Scores high, but cut-offs are higher | mumbai | Hindustan Times
Today in New Delhi, India
Apr 29, 2017-Saturday
-°C
New Delhi
  • Humidity
    -
  • Wind
    -

Scores high, but cut-offs are higher

Despite scoring 90.65% in the Higher Secondary Certificate (HSC) exam, Anupriya Dhange, 17, did not make it to the first merit list of RN Podar College, Matunga, for the BCom course on Monday. Reetika Subramanian reports.

mumbai Updated: Jun 21, 2011 01:00 IST
Reetika Subramanian

Despite scoring 90.65% in the Higher Secondary Certificate (HSC) exam, Anupriya Dhange, 17, did not make it to the first merit list of RN Podar College, Matunga, for the BCom course on Monday.

The college’s first merit list stopped at 91.6% for the BCom course. “I was confident that I would easily make it to the first merit list. But the cut-off was higher than what I had expected,” said Dhange, who has also applied to NM College, which on Monday put up a notice saying that it had already filled up its 960 seats with in-house students.

Only if the in-house students opt not to take admission will the seat be made available to other students.

“I hope they put up a second merit list,” Dhange said.

After the high cut-offs shocker for students at Delhi University, the first merit lists of several coveted colleges across the city too left several high-scorers disappointed. While in-house college students remained assured about their seats, fresh applicants were dejected with the relatively higher cut-off scores in the city’s top-notch colleges.

Accompanied by parents and friends, students checked for their names on the first merit lists put up in city colleges on Monday.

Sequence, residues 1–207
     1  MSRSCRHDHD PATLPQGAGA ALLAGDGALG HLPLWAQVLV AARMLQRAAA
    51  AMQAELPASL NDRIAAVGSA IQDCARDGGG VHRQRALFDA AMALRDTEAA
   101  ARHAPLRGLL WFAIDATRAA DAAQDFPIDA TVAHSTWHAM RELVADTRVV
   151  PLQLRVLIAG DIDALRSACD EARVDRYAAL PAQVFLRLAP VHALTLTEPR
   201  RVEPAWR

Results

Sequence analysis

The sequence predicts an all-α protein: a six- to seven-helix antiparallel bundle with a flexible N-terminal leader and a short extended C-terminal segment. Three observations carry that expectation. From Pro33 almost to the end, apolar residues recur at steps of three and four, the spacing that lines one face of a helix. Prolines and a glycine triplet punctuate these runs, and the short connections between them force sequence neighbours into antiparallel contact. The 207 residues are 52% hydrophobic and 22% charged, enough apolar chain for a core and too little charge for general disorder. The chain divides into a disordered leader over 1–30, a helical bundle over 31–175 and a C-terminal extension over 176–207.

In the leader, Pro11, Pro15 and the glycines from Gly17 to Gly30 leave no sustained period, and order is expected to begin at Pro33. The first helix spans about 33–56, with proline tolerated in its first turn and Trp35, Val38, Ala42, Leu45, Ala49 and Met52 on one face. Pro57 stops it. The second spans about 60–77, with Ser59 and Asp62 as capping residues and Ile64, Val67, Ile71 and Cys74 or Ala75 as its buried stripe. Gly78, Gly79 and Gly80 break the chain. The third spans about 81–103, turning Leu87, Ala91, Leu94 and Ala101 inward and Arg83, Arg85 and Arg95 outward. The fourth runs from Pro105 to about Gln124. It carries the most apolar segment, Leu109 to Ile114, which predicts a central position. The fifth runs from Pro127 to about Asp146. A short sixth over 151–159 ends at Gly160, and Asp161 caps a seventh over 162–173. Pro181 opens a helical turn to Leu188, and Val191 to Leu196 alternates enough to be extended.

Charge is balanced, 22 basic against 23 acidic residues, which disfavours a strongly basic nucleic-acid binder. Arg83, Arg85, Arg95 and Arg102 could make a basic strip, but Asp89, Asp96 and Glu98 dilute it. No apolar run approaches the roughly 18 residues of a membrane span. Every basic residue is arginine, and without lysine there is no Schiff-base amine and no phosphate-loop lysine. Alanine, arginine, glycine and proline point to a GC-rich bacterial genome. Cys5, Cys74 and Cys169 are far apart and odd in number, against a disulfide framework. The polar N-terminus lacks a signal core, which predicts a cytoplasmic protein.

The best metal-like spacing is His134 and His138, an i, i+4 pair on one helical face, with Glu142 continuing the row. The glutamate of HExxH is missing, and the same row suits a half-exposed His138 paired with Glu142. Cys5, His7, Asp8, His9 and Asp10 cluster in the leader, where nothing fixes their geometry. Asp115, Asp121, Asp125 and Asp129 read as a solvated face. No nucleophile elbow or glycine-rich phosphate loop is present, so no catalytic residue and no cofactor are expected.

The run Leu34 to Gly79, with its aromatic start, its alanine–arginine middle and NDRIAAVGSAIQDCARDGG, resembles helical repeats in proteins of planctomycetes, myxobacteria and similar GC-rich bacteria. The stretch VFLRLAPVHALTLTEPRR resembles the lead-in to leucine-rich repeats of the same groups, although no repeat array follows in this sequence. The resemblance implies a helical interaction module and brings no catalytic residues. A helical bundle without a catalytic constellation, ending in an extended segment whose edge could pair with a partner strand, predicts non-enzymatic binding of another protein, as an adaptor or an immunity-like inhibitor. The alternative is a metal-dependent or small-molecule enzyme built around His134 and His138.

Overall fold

While only the high scorers managed to trace their names on the list, most others were unhappy.

The mood at the DG Ruparel College campus was glum. Students, who had applied for the Bachelor of Science (Information Technology) course, had to have secured 89 out of 100 marks in their mathematics paper in the Class 12 exam to make the cut.

“I missed out on the list only because I scored 79 in my math paper,” rued Sania Shinde, 18, who scored 81% in her HSC exam in the science stream. “My friend, who scored 76% overall, managed to make it,” she said, adding that equal weightage should have been given to all subjects.”

But amid the anxiety, Madhur Prakash, 18, looked quite relaxed. Seated on the ‘katta’ (seating area) opposite Ramnarain Ruia College, Prakash, who scored only 50% in his HSC exam, was confident that he would have to wait till the final lists were put up.

“I came here only to accompany my scholar friends whose names appeared on the list. Since we have met after such a long time, we will be watching a movie to celebrate their feat,” he grinned.

Is Your Couch Making You Cough?
Promotional Feature